However, the Kerala model of smart intervention can prove to be a major bulwark in the interest of the people to ensure that the bid to maximise of profits from the cities and the states is curbed. Since the fibre will be laid out by the state’s parastatal, it is easy for the state government and for that matter, the cities to have ensure that the surplus that gets generated from the cities is democratised in the form of cheap internet and its allied services. As mentioned, these services can be in the form of smart public utilities and their billing or smart transport in the cities. All of this can come at a relatively cheaper price to the citizens as one of the largest stakeholders in the project will be the state parastatal.
THE EXPERIENCE OF BARCELONA
The Barcelona city council had successfully launched an office for the unified management of public data. With the entire technological infrastructure and sensors spread across the city, the city was able to generate, collect, receive, catalogue, process and share lots of data that has high intrinsic value. Data, according to the city council, has become an infrastructure of interest to the public; a shared resource for the common good. It is the key to the city and can be used to take decisions more quickly and democratically, promote innovation, to achieve improvements to public services and to empower people.
FOR THE INDIAN CITIES
As is evident, the Indian cities are also allured by the smart city bandwagon. Hardly a few know that the main drivers behind this shift happen to be large companies that intend to operate in the cities with their tools and solutions to attain maximum profitability through the internet of things (IOT). The city and the state governments are forced to meekly surrender to their dictates on the pretext of smart solutions. Actually, in guise of these smart solutions, they lay control over the command centre of the cities and then through the massive flow of data earn huge profitability, about which the city governments are not even aware of.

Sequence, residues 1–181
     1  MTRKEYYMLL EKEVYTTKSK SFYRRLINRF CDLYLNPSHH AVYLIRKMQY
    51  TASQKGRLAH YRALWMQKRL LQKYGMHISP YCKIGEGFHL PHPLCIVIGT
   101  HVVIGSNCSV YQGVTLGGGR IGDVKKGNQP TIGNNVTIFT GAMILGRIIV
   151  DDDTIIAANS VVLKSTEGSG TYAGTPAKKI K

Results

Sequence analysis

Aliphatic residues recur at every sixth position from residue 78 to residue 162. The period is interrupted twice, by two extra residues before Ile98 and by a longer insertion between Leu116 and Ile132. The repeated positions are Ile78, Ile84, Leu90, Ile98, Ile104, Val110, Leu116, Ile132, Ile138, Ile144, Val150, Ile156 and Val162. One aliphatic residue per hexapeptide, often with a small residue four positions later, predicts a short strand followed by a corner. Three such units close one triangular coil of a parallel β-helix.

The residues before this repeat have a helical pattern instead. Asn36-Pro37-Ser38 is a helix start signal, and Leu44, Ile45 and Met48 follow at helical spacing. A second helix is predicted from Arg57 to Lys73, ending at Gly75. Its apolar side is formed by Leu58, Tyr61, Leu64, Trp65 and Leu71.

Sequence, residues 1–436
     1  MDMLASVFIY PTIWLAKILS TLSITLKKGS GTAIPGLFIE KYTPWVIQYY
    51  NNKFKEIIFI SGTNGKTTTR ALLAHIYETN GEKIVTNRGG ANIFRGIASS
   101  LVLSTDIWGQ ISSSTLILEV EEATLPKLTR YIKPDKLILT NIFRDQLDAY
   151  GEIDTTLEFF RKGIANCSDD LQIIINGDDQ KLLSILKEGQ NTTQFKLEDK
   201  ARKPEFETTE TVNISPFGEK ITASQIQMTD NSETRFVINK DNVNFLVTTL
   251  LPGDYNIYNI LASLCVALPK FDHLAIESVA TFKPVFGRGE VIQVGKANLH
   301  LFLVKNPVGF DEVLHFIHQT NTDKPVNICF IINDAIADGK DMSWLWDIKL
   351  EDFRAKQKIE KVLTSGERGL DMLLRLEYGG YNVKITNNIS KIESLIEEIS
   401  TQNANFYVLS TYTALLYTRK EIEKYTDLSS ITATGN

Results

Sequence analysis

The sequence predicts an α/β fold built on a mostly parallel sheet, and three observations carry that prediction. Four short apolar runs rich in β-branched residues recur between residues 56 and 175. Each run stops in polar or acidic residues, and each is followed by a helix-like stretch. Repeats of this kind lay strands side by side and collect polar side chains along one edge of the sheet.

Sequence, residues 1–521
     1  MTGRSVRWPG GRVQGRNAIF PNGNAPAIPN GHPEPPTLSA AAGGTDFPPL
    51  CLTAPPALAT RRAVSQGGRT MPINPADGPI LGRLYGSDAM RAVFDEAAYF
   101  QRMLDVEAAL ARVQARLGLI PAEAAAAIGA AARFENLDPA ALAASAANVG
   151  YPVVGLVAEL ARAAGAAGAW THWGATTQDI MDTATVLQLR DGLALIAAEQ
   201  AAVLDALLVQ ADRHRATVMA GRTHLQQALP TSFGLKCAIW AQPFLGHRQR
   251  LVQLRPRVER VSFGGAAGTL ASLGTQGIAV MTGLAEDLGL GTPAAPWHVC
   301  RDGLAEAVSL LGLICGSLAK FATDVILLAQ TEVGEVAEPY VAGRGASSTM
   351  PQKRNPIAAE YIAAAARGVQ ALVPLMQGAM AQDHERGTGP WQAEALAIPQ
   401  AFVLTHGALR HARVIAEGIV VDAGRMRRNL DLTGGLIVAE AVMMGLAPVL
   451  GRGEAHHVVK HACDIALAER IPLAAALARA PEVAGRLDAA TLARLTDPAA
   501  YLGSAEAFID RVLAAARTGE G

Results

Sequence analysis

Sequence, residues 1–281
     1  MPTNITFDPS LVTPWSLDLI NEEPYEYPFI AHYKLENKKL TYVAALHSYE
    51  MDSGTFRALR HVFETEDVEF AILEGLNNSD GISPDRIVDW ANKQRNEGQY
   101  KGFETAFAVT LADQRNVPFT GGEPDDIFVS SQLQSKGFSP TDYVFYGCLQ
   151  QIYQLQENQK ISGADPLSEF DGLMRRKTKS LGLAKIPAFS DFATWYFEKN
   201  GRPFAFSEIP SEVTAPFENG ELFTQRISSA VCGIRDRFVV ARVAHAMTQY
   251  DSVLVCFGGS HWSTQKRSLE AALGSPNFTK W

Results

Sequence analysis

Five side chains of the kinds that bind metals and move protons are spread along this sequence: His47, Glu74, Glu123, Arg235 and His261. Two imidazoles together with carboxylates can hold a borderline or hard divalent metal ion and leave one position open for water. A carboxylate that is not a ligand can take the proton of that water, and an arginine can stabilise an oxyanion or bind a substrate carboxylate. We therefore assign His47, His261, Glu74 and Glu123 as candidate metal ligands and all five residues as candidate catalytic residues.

However, the city governments can assert their right to have a fair share in the smart cities network. In Shimla, when the author (being the deputy Mayor of Shimla Municipal Corporation) was approached by a service provider to dig the city for laying of fibre cables the operator was not allowed to dig. Instead, he was asked to ensure that while laying ducts in the city, two ducts should be laid for the city government. The operator initially did not agree to the request, but when permission was denied for digging the trench for the laying of the ducts and fibre, he was forced to accept the offer. In many cities, the right of way still happens to be with the city government. Using this as a bargaining tool, the city governments can mount pressure on the service providers to have a fair deal of bargain so that the citizens are benefited.
Also read: World Cities Day: Can Technology Serve the Purpose?
The reality in Shimla city is that in case the city government now wants to run a smart solution command centre, it just has to throw open a bid for an equitable bargain with a service provider and can earn dividends which can be democratically passed on to the people in terms of data sharing and IOT, so that cheap and smart solutions are offered. In this way, the city can evade becoming a victim of the large multinational corporations who eventually run the city’s data network and virtually run a city through a proxy.